In a perfect world we might not have a need to write this article, or would we? If everyone always got along, would that mean we all agreed on everything? And wouldn't that make for a very boring world? Disagreeing with others isn't necessarily a bad thing and if done constructively it can even be a positive experience. Disagreements can bring on change and foster new ideas. So, it really isn't that important that you have disagreements within your cheerleading squad, it's the way you agree to handle them and resolve any cheerleading conflicts that matters the most.
Resolving Cheerleading Conflicts and Disagreements
- Communicate openly with everyone on the cheerleading squad and everyone involved. People cannot read your mind. If you don't agree with something, you should say so.
- Don't discuss your problem with people not directly involved in hopes of getting them to side with you. Go to the source of the problem.
- Don't allow the problem to grow or get worse. The more angry you get, the harder it will be to find a resolution and for the cheerleading squad to move on or past the problem.
- Try to keep the situation private. Don't confront the person in front of a group. Some people will react differently in a one on one situation than they will in a group.
- Stick to the facts, don't let your emotions become the center of the conversation.
- Express yourself and the problem clearly and in a non-accusing way.
- Give the other person a chance to respond without interrupting.
- Listen closely.
- Don't make assumptions or interpretations about what the other person is saying or has said.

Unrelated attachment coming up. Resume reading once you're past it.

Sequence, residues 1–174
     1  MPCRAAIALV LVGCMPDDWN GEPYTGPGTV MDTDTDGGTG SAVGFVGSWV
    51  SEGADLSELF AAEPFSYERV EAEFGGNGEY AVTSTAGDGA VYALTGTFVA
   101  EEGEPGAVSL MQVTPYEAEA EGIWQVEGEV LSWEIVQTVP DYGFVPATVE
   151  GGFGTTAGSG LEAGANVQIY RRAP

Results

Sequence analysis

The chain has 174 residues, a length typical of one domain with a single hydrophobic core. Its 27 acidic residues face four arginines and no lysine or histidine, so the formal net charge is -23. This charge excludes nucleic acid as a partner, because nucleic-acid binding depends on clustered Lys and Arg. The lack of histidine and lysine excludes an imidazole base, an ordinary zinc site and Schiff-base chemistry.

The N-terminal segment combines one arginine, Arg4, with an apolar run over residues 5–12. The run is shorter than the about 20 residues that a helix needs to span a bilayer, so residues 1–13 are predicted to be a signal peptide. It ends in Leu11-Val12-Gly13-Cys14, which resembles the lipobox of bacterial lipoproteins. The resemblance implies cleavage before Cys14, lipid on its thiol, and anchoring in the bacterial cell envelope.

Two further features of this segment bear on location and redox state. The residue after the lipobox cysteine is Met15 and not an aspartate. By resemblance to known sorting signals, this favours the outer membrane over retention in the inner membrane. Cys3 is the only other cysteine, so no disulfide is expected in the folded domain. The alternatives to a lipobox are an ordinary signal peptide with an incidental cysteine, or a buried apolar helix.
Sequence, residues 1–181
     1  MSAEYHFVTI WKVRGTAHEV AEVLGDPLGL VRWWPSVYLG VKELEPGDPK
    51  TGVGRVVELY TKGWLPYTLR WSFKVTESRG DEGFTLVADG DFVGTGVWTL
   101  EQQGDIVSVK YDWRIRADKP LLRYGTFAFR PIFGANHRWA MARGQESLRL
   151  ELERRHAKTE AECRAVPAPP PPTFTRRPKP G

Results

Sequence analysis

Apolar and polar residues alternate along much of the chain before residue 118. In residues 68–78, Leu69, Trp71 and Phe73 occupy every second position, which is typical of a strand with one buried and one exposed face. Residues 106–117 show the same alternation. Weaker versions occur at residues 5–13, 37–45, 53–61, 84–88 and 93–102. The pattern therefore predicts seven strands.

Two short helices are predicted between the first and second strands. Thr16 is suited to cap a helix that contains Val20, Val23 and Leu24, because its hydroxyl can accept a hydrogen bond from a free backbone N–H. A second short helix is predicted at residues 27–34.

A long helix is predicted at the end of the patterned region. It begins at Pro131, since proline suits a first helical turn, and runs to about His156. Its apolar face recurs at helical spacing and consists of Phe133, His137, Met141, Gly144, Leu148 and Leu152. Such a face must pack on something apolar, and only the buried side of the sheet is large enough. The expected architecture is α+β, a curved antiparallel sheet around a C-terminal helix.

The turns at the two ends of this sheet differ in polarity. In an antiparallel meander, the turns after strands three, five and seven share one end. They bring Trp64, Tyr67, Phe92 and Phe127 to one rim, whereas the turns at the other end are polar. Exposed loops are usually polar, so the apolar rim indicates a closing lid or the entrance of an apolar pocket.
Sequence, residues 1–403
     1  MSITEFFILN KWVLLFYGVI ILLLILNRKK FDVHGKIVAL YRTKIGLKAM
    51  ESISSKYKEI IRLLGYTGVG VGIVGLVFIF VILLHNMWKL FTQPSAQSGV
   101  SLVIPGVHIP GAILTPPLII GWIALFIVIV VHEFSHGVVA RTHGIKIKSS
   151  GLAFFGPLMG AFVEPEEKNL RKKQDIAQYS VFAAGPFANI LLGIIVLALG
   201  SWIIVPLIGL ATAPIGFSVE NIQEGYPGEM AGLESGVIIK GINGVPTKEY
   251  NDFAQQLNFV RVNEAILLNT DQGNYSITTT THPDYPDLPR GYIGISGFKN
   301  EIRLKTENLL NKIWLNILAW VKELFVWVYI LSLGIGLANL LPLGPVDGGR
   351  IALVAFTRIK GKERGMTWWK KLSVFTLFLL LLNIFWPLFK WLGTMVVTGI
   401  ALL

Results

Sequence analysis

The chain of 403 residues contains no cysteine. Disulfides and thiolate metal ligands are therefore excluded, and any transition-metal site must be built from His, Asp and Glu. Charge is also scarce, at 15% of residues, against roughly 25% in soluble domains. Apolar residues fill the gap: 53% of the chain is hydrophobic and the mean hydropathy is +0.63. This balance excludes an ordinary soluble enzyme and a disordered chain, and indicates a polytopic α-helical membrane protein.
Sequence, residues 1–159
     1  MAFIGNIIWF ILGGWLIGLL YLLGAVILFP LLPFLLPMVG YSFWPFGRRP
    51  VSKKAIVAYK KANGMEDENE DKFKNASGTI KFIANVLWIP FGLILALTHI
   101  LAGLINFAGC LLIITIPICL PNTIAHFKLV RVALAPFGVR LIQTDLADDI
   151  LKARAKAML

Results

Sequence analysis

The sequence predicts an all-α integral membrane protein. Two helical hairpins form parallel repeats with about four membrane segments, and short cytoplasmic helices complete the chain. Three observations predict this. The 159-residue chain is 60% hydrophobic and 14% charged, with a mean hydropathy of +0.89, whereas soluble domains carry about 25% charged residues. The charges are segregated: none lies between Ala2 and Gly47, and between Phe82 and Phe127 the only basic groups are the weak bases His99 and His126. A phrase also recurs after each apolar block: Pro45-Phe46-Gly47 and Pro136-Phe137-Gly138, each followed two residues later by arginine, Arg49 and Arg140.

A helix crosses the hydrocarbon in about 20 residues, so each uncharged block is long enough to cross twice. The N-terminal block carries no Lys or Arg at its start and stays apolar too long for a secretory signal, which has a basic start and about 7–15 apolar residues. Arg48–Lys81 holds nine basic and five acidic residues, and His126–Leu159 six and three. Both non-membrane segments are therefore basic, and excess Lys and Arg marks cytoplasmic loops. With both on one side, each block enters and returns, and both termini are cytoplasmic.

- Make sure you understand what is being said, even if you have to repeat it back.
- Try to put yourself in the other person's position.
- Don't resort to name calling, threats or intimidation. These actions don't solve problems and they usually just make them worse.
- Remember how you say something is almost as important as what you're saying. You don't have to raise your voice to be heard. Save the yelling for your cheering.
- Use appropriate body language and facial expressions.
- Be willing to accept and take responsibility for your part of the problem.
- After each side has had an opportunity to speak and respond, move forward to what can be done to solve the problem.
- Stay on track, and try to find some common goals you can both agree on.
- Be willing to compromise, if it's appropriate, and try to choose a solution everyone can live with.
- If you still can't agree on a solution or work the problem out, ask someone else to step in and help resolve the conflict.
No one would argue with the fact that it is much better for squad members to get along. But if there comes a time when you have a conflict, be prepared and agree on how to disagree in advance. It's just natural for cheerleaders to keep a positive attitude, how else can they shout "We're #1" when their team is losing? Take that same positive attitude and apply it to your cheerleading problems. Take a negative situation and turn it into something constructive. It will not only make you a stronger person, it will help you build a stronger relationship with your cheerleading squad and resolve any cheerleading conflicts that come your way.